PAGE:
Raw water is chlorinated by adding sodium hypochlorite (NaOCl) to make its concentration 2-4 ppm. Chlorination of water is done to remove the microbial load from the water. It helps the water system to produce the purified water of specified microbial quality.
Mechanism of Action:
When sodium hypochlorite is dissolved in water, it produces hypochlorous acid and hypochlorite ion. These hypochlorite ions are known as “free chlorine”. This free chlorine is responsible for the chlorination of the microbes in water. These ions are highly active and penetrate through the cell wall via lipids and destroy the enzymes in the cells.
All the free chlorine is not consumed in the chlorination. This remaining chlorine is known as "residual chlorine" which can interfere with the microbial analysis of the water. This may alter the actual results.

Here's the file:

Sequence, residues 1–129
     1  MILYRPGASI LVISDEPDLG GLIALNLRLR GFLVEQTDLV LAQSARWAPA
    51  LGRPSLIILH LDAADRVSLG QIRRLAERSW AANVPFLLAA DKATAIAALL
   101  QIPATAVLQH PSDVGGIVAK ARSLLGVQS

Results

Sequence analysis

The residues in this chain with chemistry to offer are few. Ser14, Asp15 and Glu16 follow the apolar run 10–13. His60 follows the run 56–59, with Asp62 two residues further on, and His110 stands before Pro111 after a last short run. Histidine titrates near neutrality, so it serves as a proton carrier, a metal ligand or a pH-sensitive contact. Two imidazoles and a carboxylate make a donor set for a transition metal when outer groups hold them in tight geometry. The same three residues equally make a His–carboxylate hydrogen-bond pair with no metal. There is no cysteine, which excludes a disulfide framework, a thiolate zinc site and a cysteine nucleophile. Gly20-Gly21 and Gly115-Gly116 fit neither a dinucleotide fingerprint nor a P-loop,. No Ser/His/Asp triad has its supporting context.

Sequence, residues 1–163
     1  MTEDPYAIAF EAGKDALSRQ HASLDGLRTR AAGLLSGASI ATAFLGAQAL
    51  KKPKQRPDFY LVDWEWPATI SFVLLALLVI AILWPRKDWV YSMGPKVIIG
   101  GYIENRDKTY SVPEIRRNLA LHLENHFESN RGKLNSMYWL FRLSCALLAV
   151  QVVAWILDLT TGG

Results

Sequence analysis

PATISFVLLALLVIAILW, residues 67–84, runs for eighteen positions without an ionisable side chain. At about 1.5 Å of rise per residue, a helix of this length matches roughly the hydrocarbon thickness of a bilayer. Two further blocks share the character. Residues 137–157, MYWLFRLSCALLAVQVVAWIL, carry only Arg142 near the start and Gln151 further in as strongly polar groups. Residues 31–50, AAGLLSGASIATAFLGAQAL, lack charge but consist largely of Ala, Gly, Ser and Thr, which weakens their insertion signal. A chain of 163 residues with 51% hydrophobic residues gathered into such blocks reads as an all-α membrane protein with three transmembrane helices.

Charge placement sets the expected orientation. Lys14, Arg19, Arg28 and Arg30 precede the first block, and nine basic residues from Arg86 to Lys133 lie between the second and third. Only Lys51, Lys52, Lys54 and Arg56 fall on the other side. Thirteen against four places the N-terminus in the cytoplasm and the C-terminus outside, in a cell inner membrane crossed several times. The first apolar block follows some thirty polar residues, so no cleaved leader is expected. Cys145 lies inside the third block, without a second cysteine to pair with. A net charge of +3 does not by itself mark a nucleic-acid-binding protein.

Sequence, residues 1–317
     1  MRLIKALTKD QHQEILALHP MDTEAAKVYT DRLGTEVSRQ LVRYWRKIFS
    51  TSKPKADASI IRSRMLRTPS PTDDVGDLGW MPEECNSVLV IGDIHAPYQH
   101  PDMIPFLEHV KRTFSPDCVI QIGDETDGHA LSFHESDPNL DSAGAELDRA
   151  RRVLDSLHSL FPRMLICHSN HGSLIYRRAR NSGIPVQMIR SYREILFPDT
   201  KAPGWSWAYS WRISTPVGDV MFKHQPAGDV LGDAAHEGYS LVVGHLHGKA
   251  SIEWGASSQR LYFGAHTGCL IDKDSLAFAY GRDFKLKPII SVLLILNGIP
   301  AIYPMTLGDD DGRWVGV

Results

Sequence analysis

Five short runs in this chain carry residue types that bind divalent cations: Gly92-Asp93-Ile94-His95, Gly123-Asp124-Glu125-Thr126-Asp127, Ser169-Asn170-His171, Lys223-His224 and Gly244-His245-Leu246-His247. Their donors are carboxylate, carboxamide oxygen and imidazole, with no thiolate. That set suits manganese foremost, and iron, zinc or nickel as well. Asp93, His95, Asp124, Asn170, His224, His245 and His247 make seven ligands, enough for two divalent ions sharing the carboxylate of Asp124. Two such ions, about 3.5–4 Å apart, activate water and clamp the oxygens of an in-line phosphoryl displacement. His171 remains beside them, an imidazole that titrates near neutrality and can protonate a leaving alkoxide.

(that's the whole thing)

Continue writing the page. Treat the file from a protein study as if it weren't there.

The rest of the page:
Sodium thiosulfate (Na2S2O3) can be used to neutralize or remove residual chlorine. It simply reacts and forms sodium hydrogen sulfate or sodium bisulfate which is an inactive salt.
Na2S2O3 + 4HOCl + H2O -----> 2NaHSO4 + 4HCl
Add 0.1 ml of 10% solution of sodium thiosulfate is added to the water sample bottle before sterilization. This can be prepared by dissolving 100 gm of sodium thiosulfate crystals in about 500 ml of water making up a final volume to 1000 ml. This solution can be stored under refrigeration for six months.
This neutralization of residual chlorine will help to determine the actual microbial load in water sample and will not affect the microbial recovery.
Ankur Choudhary is India's first professional pharmaceutical blogger, author and founder of Pharmaceutical Guidelines, a widely-read pharmaceutical blog since 2008. Sign-up for the free email updates for your daily dose of pharmaceutical tips.
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